Questions and Responses 

Doctrinal Commission – International Catholic Charismatic Renewal Services

Year 2015


The laying on of hands is a very significant gesture in biblical tradition, with a wide variety of purposes.

In the Old Testament, the laying on of hands is first used as a way of blessing children. Jacob, for instance, blesses his two grandsons by laying his hands on their heads (Gen 48:14). To this day, the blessing of children by their parents is an important Jewish custom, especially at the beginning of the Sabbath.

The laying on of hands is also used to ordain or consecrate someone for ministry. In Numbers, the people of Israel lay hands on the Levites to dedicate them to the Lord’s service (Num 8:9-10). Moses lays hands on Joshua to authorize and empower him as his successor in leadership (Num 27:18-23; Deut 34:9). Later in Israel’s history, the prophet Elisha lays hands on a dead child to raise him from the dead (2 Kg 4:34).

In the Gospels Jesus lays hands on children as a gesture of blessing (Mark 10:16). But he most often uses the laying on of hands as a means of healing. For instance, it is the way he healed the blind man (Mark 8:23-25), the woman who was bent over (Luke 13:11-13), and the sick people in Nazareth (Mark 6:5). He also lays hands for deliverance from demonic affliction (Luke 4:40-41) and for raising the dead (Matt 9:18, 25). At the end of the Gospel of Mark the risen Lord promises that those who believe in him will heal the sick in the same way: “These signs will accompany those who believe: … they will lay their hands on the sick, and they will recover” (Mark 16:18).

In Acts, the laying on of hands becomes a means of imparting the fullness of the Holy Spirit, especially to new believers. This is done by the apostles in Acts 8:17-19 (cf. 19:6), which Catholic tradition regards as the biblical basis for the sacrament of Confirmation. We also see Ananias, an ordinary believer, being led by the Spirit to lay hands on Saul that he may recover from blindness and be filled with the Holy Spirit (Acts 9:17).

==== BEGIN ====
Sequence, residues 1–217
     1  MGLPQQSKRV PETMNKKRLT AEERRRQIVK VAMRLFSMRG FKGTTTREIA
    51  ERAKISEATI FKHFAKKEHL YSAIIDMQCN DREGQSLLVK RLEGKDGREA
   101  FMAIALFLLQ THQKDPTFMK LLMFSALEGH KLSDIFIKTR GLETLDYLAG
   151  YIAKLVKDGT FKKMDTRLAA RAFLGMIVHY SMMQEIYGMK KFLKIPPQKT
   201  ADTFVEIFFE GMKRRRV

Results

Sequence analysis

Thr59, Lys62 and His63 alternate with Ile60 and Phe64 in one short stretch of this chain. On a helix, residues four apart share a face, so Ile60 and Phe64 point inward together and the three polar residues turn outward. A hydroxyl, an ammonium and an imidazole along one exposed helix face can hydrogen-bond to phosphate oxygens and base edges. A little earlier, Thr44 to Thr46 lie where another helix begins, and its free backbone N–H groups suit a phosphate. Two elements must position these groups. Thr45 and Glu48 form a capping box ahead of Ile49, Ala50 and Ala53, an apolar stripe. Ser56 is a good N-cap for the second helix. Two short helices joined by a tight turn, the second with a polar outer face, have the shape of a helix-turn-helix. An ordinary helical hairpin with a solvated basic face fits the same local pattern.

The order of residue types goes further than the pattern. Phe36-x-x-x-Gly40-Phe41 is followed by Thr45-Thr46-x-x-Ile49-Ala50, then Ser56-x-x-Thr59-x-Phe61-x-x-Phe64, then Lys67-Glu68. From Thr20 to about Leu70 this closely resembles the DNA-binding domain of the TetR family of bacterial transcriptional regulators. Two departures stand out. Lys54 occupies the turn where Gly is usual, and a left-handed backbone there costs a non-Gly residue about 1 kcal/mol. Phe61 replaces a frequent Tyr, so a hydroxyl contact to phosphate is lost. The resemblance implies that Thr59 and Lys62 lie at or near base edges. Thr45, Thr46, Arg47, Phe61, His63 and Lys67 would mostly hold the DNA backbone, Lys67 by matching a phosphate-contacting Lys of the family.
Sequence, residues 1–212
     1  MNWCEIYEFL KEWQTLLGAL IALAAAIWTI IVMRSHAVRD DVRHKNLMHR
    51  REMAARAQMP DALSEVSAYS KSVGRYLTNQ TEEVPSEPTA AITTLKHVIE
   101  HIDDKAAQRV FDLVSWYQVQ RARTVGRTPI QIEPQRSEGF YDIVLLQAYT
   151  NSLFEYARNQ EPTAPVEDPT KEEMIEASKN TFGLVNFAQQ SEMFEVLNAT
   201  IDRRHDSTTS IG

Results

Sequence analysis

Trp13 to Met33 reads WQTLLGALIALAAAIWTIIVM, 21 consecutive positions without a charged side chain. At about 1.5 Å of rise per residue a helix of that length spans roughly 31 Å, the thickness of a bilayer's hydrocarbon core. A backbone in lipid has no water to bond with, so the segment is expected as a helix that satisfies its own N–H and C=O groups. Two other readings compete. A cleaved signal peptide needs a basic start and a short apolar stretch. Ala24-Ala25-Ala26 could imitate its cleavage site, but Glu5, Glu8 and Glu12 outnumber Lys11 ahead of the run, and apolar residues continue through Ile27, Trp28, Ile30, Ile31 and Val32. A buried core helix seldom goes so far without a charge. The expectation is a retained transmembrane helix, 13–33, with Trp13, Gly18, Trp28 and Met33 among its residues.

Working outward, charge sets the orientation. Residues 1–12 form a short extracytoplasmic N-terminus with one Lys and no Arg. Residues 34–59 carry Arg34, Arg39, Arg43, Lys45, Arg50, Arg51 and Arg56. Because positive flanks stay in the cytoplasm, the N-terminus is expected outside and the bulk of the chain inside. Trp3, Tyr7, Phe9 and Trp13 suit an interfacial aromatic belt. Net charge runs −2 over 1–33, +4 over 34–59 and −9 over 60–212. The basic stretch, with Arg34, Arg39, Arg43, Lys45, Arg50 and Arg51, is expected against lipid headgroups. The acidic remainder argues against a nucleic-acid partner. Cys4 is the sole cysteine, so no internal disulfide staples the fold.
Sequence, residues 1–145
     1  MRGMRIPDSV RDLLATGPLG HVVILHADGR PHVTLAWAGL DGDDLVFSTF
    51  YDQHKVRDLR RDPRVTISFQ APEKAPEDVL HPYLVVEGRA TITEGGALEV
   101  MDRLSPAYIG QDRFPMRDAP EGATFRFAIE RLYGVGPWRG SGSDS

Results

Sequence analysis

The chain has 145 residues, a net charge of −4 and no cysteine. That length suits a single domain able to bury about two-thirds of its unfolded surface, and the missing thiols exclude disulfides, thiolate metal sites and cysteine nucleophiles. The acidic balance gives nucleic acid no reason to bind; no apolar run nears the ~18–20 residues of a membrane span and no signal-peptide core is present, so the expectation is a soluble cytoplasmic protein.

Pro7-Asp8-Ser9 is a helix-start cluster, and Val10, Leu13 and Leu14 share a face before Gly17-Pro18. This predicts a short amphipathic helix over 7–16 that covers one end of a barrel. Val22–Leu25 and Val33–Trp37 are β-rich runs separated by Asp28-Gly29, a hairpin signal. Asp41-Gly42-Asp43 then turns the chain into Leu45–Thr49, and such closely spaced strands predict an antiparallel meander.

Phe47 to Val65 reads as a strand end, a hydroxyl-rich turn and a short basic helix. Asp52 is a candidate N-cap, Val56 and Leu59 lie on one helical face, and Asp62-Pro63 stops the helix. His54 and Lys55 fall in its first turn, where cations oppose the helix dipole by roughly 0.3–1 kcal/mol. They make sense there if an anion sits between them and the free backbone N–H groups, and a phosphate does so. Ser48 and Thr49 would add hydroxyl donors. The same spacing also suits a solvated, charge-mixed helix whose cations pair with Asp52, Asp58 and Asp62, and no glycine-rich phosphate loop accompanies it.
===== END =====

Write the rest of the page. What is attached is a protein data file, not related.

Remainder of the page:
The laying on of hands is a way of commissioning people for a new task or mission. In Acts 13:3, a group of prophets and teachers (or perhaps the whole Christian community at Antioch) lays hands on Barnabas and Saul for divine empowerment for the mission to which the Holy Spirit has called them.

Finally, the laying on of hands is the way the apostles ordain those called to an office of leadership in the church, including that of deacon (cf. Acts 6:6) and presbyter (cf. 1 Tim 4:14; 5:22; 2 Tim 1:6-7).

Based on this biblical foundation, the laying on of hands has an important place in two sacraments of the Church: confirmation and ordination. In these sacraments, which are celebrated only by a bishop (or in the case of confirmation, sometimes a priest delegated by the bishop), the laying on of hands confers the Holy Spirit in a unique way. In confirmation, the laying on of hands imparts the gift of the Spirit that completes the grace of baptism. In ordination, through the laying on of hands the gift of the

Spirit first received by the apostles is passed down by apostolic succession to the bishops and priests of our own day.

In recent times the Catholic Charismatic Renewal has brought a revival of the ancient practice of ordinary believers laying on hands, especially for healing, for an infilling with the Holy Spirit, or for divine empowerment for a new mission or service a person is called to. To lay hands is a way of recognizing that we are bodily persons, and that Christ makes his graces flow through all the members of his Body.

It is important that this practice be pastored well, so there is no confusion between sacramental and simple (informal) laying on of hands. The laying on of hands for baptism in the Spirit is not a sacrament, but a prayer for the Holy Spirit to bring alive the gift already received through the sacraments of baptism and confirmation.

This gesture should be done with respect and sensitivity for the person receiving prayer. In some cases one should gently ask the person’s permission before laying hands: “Is it okay if I put my hand on your shoulder as I pray?” There should not be any sense of imparting one’s own authority or power, but simply of being a conduit for the grace of the Holy Spirit.

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